How scary is “Joy Ride”? Well, that depends. If you A) are the sole audience member in a creepy York Square Cinemas’ theater (as was this reviewer, who literally sprinted out of the theater when the final credits started — no easy task in Adidas soccer sandals), B) like to play foolish pranks on truckers with your CB radio, or C) find Leelee Sobieski’s doe-eyed “acting” overrated, the answer is pretty damn scary. Oh yeah, and it doesn’t hurt that a guy gets a certain essential part of his body ripped off. I won’t spoil the surprise by letting you know what it is, but I promise it’s more repulsive than what you are probably imagining.
“Joy Ride” is your basic teen-targeting horror thriller, where a practically omniscient man with a deep, chilling baritone stalks and harasses a crew of nubile young actors and, no matter how much evidence points to the contrary, never dies in the end. Thus, we are left primed for a sequel. How convenient! The eye-candy — er, stars — of this one, besides Sobieski, are Steve Zahn and the hot, hot Paul Walker. The writers earn mad props for managing to get both boys naked in one scene, gratuitously pandering to the 17-35-year-old female set, of which I am a proud member. Rock on, writers! But I digress.
For the plot, think “Road Trip” meets “Scream” meets the New Haven Coliseum monster truck rally. Lewis (Walker), a college student, offers to pick up his longtime friend, Venna (Sobieski) from her Colorado college. She has just broken up with her boyfriend, Sir Not-Appearing-in-this-Film, and Lewis thinks a road trip back home for break is the perfect way to, ah, console her. Basically, she is the Joey to his Dawson in the second season of The Creek. For you non-Creekers, that means they grew up together platonically, but puberty made her hot and now he has a secret crush on her.
On the way to pick her up, Lewis randomly stops at a prison to pick up his ex-con older brother, Fuller (Zahn), who is not as cute as Lewis but has his own Puckish charm. Of course, once the bad-boy older brother comes on the scene, trouble begins to brew. Fuller convinces Lewis to play a practical joke on a Barry White-voiced lonely trucker, who goes by the handle “Rusty Nail”, over the CB radio. Lewis imitates a sexy moll, “Candy Cane”, and invites Rusty Nail to meet up in a motel later that evening. Little does Rusty Nail know, the room number Lewis gives him belongs to a random obnoxious old guy who rudely pushed Fuller earlier that evening in the motel. Little do Lewis and Fuller know that Rusty Nail is a psycho killer. The plot thickens.
When they do find out, though, they proceed to compete for the Biggest-Moron-in-a-Horror-Movie title: when Rusty Nail’s voice comes over the radio demanding an apology for the prank, Fuller decides that the best course of action is to refuse to apologize and curse him out. Good one, Fuller. Why would anyone apologize to a psycho killer? After all, then he might decide not to follow you with intent to kill. Then there would be no “Joy Ride”!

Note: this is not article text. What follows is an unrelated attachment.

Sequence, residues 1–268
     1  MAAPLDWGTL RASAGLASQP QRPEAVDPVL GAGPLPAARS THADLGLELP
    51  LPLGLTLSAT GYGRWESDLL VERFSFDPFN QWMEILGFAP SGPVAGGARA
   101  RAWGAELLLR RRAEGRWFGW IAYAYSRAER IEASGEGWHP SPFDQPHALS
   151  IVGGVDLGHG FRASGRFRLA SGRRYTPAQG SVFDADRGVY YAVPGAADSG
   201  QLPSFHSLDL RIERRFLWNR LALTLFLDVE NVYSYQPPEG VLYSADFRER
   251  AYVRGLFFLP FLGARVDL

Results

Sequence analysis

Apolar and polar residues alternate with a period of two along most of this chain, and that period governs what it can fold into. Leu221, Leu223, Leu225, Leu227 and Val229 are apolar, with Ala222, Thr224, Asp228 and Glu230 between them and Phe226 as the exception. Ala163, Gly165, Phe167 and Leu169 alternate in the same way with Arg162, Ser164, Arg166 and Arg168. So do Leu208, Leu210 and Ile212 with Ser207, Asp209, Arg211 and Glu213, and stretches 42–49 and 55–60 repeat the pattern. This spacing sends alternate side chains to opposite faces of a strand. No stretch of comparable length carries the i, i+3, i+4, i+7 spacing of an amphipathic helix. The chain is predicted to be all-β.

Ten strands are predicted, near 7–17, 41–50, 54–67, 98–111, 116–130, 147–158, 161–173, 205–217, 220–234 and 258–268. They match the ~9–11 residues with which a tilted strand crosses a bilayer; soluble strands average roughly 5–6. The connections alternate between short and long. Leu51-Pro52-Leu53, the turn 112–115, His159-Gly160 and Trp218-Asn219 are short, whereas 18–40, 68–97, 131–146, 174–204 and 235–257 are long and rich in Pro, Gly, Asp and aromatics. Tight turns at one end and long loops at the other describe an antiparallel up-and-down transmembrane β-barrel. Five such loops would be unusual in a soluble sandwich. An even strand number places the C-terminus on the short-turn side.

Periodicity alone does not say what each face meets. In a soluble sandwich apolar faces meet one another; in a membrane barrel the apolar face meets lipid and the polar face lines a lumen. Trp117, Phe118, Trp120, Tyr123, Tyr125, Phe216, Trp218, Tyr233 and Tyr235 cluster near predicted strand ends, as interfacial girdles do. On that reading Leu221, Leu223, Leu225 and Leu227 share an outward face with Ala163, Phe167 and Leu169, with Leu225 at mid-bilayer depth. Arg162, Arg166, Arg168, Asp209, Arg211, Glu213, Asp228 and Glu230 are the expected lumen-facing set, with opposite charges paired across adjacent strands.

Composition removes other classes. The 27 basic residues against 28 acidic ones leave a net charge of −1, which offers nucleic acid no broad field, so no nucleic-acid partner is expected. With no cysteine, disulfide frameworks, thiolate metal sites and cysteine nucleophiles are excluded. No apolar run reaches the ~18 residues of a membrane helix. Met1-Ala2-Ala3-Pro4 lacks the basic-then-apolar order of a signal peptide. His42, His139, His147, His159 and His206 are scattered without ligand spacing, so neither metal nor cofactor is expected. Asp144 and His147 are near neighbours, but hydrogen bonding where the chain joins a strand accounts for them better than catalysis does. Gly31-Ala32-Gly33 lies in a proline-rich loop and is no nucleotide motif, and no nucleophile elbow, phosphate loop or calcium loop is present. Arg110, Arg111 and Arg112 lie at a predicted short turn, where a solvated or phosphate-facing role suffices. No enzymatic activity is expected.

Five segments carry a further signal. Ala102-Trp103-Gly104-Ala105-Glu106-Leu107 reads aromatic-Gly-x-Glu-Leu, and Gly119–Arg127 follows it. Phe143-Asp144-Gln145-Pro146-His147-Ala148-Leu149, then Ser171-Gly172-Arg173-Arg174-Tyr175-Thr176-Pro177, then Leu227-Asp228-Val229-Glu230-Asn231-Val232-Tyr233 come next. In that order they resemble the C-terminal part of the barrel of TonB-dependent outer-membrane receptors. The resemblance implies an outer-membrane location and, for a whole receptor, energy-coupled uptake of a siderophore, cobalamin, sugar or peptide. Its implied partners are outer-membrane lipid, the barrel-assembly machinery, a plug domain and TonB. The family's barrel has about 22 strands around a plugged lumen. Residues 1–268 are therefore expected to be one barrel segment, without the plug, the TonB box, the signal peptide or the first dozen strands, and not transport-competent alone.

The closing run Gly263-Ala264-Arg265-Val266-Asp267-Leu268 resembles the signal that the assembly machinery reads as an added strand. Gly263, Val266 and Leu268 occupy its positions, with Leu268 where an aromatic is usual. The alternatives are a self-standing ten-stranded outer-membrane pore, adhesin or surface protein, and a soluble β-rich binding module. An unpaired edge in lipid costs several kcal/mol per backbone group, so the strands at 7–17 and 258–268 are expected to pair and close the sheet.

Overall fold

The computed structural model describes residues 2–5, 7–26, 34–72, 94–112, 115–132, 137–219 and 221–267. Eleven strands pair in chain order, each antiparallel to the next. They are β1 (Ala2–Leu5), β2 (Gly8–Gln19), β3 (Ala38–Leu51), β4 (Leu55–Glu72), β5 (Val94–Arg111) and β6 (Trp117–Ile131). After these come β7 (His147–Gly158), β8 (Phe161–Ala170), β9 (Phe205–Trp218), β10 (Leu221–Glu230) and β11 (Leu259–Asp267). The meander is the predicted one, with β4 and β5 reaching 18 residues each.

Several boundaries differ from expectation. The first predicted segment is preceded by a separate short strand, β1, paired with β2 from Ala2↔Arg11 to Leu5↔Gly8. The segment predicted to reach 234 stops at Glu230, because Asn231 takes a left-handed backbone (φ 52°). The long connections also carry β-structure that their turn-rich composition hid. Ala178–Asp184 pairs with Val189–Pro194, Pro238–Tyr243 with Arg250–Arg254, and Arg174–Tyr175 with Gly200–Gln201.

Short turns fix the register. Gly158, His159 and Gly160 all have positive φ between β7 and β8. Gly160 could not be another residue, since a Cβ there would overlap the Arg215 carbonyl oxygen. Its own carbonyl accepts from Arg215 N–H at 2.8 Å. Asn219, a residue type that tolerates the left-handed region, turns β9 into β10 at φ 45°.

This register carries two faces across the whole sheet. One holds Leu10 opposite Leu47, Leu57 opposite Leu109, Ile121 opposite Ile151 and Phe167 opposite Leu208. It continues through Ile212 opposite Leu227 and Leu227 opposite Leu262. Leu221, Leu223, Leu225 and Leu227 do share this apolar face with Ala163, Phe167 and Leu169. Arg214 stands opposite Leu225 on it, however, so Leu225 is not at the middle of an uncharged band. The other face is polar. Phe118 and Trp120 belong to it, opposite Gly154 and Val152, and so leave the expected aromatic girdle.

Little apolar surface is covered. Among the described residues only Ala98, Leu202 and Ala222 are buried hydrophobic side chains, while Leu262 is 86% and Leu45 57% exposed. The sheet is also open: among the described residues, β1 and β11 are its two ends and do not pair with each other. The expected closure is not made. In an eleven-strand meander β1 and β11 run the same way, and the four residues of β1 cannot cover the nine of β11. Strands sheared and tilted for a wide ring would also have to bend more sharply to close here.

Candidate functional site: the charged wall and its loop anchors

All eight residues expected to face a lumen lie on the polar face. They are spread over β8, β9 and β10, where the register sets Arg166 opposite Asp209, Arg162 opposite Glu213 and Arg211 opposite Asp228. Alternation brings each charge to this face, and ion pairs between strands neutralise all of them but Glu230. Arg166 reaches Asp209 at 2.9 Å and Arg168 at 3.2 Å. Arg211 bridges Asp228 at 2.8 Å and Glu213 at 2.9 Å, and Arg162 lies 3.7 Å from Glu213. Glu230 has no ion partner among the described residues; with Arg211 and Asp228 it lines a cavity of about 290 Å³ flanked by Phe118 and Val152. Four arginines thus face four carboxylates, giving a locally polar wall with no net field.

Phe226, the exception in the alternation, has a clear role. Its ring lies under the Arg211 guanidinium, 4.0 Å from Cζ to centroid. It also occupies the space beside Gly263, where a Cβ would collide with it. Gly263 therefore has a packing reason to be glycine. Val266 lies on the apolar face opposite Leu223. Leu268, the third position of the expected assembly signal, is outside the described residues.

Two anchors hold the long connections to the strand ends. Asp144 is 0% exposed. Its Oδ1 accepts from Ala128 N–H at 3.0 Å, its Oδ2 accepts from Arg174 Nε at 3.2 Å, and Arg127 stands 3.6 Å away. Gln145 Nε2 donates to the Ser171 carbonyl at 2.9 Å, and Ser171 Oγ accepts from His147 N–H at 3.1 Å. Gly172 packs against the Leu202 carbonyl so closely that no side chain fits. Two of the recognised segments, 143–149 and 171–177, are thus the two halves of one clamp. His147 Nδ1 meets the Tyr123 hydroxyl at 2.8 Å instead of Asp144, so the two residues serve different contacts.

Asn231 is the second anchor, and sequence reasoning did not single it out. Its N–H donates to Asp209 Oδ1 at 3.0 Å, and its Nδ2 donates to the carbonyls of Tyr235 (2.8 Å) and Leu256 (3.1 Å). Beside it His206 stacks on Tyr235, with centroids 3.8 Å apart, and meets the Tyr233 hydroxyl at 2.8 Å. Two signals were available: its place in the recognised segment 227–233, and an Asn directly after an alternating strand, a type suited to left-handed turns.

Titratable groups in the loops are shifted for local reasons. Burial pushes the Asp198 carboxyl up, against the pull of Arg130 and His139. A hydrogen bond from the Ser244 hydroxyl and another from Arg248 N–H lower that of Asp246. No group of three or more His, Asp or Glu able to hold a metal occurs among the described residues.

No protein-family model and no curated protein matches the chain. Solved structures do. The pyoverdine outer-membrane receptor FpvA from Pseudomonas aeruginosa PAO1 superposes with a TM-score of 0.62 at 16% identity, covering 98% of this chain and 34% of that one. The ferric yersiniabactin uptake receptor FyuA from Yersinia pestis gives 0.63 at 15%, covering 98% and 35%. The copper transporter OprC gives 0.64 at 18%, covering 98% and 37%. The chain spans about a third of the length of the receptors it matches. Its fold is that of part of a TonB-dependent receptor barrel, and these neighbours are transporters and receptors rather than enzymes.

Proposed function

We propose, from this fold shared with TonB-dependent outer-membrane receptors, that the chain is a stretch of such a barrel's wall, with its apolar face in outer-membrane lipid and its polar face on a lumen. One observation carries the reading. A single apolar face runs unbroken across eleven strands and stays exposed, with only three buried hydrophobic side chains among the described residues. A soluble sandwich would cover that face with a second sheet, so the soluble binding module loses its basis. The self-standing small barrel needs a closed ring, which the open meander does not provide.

Of course, Rusty Nail has a pretty snappy comeback: “You ought to get that fixed,” he chuckles.
“What?” Fuller asks.
“Your tail light.”
Oh, snap. This psycho killer has better stalking skills than a Baker’s Dozen groupie.
When the brothers finally pick up Venna, things get even worse — Rusty Nail decides to follow the trio in a murderous rage, wielding his 18-wheeler as a weapon. Frustratingly, they continually drive into whatever remote spot he asks — a giant corn field, for example — in some strange attempt to satisfy his psycho needs, all the while repeating over and over, “What is it that you want from us?!” Their stupidity is so mind-boggling, it even makes Walker less hot (though he is redeemed in the naked scene). For example, in one episode, Rusty Nail asks them to step out of their car and walk 100 feet ahead, where he has a “surprise” for them. Unsurprisingly, once they have done what he says, he proceeds to run them down with his truck as he has been doing for the past thirty minutes of the movie. Boy, I didn’t see that one coming.
Though it is as predictable and moronic as other pictures in its genre, “Joy Ride” delivers what its trailer makes no attempt to veil: cute, all-American young actors on a road trip across seedy-motel-and-trucker country, reveling in their youth, good looks, and the occasional motel porno, all the while pursued by a raspy-voiced killer. Sure, the plotline becomes achingly random and predictable by the 50-minute mark, but that doesn’t mean you won’t squeal when that bad-ass truck barrels out of nowhere — or at least when Paul Walker bares his bad ass.
Joy Ride, showing at:
York Square Cinemas (776-6630), Hoyts Branford 12 (481-2711).